Wednesday, 1 June 2011

CSS & HTML: nested lists with style

   


One common mistake that I've found in many web pages is when a nested list is needed. Usually, we think that the following code is correct:
<ul class="list">
<li>A</li>
   <ul class="sublist">
     <li>1</li>
     <li>2</li>
     <li>3</li>
   </ul>
</ul>
Producing this:
  • A
    • 1
    • 2
    • 3
which looks good. But if you try to validate the above code, you will get some errors.


Why is a common mistake
The above mistake is quite common when we want to create menus using bulleted lists. That is the reason why in the above code we used two classes for the nested list. Building a menu, we can code it as:
<ul class="menu">
  <li>Menu 1</li>
   <ul class="submenu">
    <li>submenu 1</li>
    <li>submneu 2</li>
    <li>submenu 3</li>
   </ul>
</ul>
Is that correct? No, it isn't; even if it looks ok:
I believe the mistake is made because - eventually - the page looks good anyway, but only validating the page we discover it is not correct.

The correct way
In order to make our code pass the validation process, we need to strictly follow the nesting of the list elements:
<ul class="menu">
  <li>Menu 1</li>
  <li>
   <ul class="submenu">
    <li>submenu 1</li>
    <li>submenu 2</li>
    <li>submenu 3</li>
   </ul>
  </li>
</ul>
Producing the following result:
Can you see now why we usually skip the second <li>? There's a bullet we don't really want. How to deal with that?

Styling the list elements
We can style the elements (and you were wondering why I used classes for the lists, uh?).
Styling the elements will help us to create the list as we wanted. Let's try to use something like:
<style type="text/css">
.menu {
    list-style:none;
    margin:0px 0 0px 0px;
    padding:0;
    text-indent:10px;
    font-family: Arial, Helvetica, sans-serif;
    font-size: 14px;
    font-weight: bold;
}
.submenu {
    margin:0;
    padding:0;
    list-style:none;
    text-indent:20px;
    font-family: Arial, Helvetica, sans-serif;
    font-size: 12px;
    font-weight: normal;
}
</style>
Which produces:

  Menu 1
     submenu 1
     submenu 2
     submenu 3



And that's what we wanted our list to look like. Further styling could be related to submenus <a> tags, or change the overall look with background colours or font size, colour etc.

The above examples are just a beginning. I've used lists for menus in conjunction with jQuery to create an accordion effect. It's up to you, how to use the above hint.

Enjoy, and let me know what you think or if you have problems.

13 comments:

  1. i just realize about your ul li code
    i use mistake one :P
    thanks for the article

    ReplyDelete
  2. I'm glad you found it useful. Take care.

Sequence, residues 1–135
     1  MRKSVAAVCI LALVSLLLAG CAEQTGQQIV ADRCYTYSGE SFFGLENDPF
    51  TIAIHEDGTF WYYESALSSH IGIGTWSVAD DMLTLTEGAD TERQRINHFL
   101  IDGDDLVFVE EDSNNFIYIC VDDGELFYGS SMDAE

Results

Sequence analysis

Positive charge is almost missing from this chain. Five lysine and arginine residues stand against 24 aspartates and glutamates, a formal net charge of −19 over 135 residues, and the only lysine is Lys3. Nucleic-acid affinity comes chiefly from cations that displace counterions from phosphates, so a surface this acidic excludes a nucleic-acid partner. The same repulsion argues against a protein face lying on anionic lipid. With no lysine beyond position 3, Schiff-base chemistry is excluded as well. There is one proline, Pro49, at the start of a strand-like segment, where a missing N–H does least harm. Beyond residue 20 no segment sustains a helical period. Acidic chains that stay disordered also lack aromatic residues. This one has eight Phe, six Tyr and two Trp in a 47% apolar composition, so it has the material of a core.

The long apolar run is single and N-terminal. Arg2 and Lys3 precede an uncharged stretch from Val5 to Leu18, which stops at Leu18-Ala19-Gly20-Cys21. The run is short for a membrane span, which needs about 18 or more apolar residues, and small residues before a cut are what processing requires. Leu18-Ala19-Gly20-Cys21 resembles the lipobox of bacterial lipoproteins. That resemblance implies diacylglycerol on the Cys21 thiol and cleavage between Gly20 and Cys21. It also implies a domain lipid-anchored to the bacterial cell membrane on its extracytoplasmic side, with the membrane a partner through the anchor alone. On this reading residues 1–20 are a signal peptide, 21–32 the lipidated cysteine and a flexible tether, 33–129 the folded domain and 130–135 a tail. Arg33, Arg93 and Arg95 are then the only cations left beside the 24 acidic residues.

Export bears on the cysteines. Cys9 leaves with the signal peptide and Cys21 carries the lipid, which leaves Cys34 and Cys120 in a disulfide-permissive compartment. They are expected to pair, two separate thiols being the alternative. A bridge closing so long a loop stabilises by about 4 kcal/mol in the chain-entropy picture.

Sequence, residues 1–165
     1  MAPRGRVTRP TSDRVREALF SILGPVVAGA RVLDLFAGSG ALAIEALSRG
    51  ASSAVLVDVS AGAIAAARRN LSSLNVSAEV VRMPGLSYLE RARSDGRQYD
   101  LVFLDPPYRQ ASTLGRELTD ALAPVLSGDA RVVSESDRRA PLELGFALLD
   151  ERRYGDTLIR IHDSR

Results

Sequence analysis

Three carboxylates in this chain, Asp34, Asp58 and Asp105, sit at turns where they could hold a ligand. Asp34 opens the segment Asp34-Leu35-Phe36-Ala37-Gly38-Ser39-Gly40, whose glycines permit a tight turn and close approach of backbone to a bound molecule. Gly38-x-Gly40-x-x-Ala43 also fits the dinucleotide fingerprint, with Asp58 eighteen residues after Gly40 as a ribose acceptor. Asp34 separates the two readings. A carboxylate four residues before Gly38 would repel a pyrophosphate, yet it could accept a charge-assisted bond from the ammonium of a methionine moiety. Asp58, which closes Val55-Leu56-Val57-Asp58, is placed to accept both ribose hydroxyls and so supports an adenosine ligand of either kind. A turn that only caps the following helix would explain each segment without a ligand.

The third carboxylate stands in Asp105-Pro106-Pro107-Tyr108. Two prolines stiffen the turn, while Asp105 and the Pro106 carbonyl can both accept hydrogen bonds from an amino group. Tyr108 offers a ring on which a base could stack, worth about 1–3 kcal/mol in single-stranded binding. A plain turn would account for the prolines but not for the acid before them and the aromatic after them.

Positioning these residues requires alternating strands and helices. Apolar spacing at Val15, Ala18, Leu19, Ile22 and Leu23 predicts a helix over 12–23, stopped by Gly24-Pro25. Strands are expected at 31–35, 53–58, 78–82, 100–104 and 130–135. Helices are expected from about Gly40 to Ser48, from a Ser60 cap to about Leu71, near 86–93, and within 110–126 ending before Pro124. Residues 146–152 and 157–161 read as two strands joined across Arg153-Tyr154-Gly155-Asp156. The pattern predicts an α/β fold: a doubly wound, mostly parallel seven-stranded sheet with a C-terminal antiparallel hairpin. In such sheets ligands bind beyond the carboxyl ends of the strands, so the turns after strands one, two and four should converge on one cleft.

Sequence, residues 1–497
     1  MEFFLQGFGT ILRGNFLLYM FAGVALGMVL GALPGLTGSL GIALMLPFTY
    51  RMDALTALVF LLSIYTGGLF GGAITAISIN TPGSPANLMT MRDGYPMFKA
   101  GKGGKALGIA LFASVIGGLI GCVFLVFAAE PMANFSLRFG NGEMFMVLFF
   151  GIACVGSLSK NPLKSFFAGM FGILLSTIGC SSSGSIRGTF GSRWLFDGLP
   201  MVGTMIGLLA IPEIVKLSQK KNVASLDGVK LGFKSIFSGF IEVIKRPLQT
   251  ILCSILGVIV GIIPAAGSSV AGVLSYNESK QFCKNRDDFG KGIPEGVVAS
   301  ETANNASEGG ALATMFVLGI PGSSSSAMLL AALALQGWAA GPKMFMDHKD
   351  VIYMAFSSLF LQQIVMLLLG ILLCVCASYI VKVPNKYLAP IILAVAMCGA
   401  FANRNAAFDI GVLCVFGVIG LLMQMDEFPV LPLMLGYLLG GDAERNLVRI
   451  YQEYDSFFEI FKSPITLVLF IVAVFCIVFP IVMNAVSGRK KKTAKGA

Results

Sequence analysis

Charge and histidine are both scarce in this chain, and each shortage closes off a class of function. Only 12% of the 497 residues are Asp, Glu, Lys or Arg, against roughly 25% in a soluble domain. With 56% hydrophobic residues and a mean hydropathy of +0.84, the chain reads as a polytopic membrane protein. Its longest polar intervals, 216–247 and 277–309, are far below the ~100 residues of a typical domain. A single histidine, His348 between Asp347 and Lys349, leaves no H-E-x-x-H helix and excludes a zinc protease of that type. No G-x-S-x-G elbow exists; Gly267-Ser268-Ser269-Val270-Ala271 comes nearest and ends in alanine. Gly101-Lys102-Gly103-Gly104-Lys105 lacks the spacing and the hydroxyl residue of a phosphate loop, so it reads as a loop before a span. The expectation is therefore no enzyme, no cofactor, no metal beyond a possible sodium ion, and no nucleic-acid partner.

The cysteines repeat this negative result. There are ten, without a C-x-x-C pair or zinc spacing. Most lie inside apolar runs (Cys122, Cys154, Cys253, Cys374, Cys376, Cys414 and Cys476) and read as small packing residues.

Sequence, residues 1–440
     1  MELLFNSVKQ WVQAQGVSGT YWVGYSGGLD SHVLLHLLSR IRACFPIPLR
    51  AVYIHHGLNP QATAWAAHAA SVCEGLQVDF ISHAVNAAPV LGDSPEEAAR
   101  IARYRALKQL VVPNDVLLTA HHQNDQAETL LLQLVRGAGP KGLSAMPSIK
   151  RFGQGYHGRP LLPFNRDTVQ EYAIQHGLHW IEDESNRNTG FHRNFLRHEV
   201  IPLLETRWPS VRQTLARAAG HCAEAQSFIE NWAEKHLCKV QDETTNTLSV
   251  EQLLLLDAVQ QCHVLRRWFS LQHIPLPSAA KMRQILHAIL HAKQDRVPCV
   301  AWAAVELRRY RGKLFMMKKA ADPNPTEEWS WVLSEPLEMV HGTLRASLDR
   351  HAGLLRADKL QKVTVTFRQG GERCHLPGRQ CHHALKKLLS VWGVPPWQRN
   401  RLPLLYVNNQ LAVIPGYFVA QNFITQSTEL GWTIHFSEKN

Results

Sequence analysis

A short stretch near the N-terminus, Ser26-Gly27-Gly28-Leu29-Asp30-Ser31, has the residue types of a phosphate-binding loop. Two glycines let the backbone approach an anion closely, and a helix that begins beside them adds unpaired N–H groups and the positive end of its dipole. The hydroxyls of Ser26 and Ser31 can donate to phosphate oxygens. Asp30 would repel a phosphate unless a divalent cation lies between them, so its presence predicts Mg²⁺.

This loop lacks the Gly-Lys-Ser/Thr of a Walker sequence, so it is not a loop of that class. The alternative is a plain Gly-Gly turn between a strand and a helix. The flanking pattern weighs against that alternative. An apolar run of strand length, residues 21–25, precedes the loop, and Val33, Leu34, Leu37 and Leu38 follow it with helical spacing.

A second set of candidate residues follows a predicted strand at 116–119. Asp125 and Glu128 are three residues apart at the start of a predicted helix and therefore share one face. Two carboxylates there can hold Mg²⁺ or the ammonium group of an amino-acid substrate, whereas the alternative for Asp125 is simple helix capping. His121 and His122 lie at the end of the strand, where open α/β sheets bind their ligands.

ReplyDelete
  3. Thank you SO much for this. I wish I had found you hours ago - I could have saved a lot of time! :)

    ReplyDelete
  4. You're welcome Candace. Stay tuned for more... ;)

    ReplyDelete
  5. Hey there, IMO you should write nested list as such:

    <ul>
    <li>
    Menu 1
    <ul>
    <li>submenu 1</li>
    <li>submenu 2</li>
    <li>submenu 3</li>
    </ul>
    </li>
    </ul>

    ReplyDelete
  6. Michael, what you write is correct. My way or your way - I believe - are correct. The point is that all the list tags have to be closed and the nested ul must be inside a parent li. Thanks for the feedback!

    ReplyDelete
  7. The way proposed by Michael is correct. The way listed in the article is incorrect, and is why you need to do hacks via CSS. They're not both correct. Michael's is semantically much more correct than yours.

    ReplyDelete
    Replies
    1. Tom,
      there's no "hacks" in CSS, they are just examples. As for the correct or not correct, my solution passed the W3C HTML validation, so I guess it is correct.
      As for the "semantically more correct", well... I won't say anything...
      Thanks for leaving a comment... and take care!

      Delete
  8. I'm an experienced web developer and found this while looking for something else about lists.
    On seeing the first paragraph I thought 'oh good.. someone telling people how to do things properly' and was about to close the tab, then I scrolled down and skim read your article only to be disappointed that you actually still get it wrong, as Michael and Marco have pointed out.

    Being valid HTML does not mean it is the correct way to do something.

    Ask yourself why do you care about your HTML being valid?
    Is is so you can impress your visitors with a nice 'Valid HTML' icon and a link to the result on w3.org? I hope not!
    It should be because you care about how accurately AI can parse your page, Google and screen-readers alike. Please if you care about making the web better, care about semantics.

    Thanks.

    ReplyDelete
    Replies
    1. Thanks for your comment. I won't comment your opinion because I have already said it more than once. By the way Marco and me it's the same.

      Delete
    2. Yes I noticed that after I submitted the comment. I meant to say Michael and Tom.

      I just think it is an important point to make so that others who may come across this article can make an informed decision.

      Delete
    3. Ok you made your point. Thanks and take care.

      Delete
  9. This comment has been removed by a blog administrator.

    ReplyDelete

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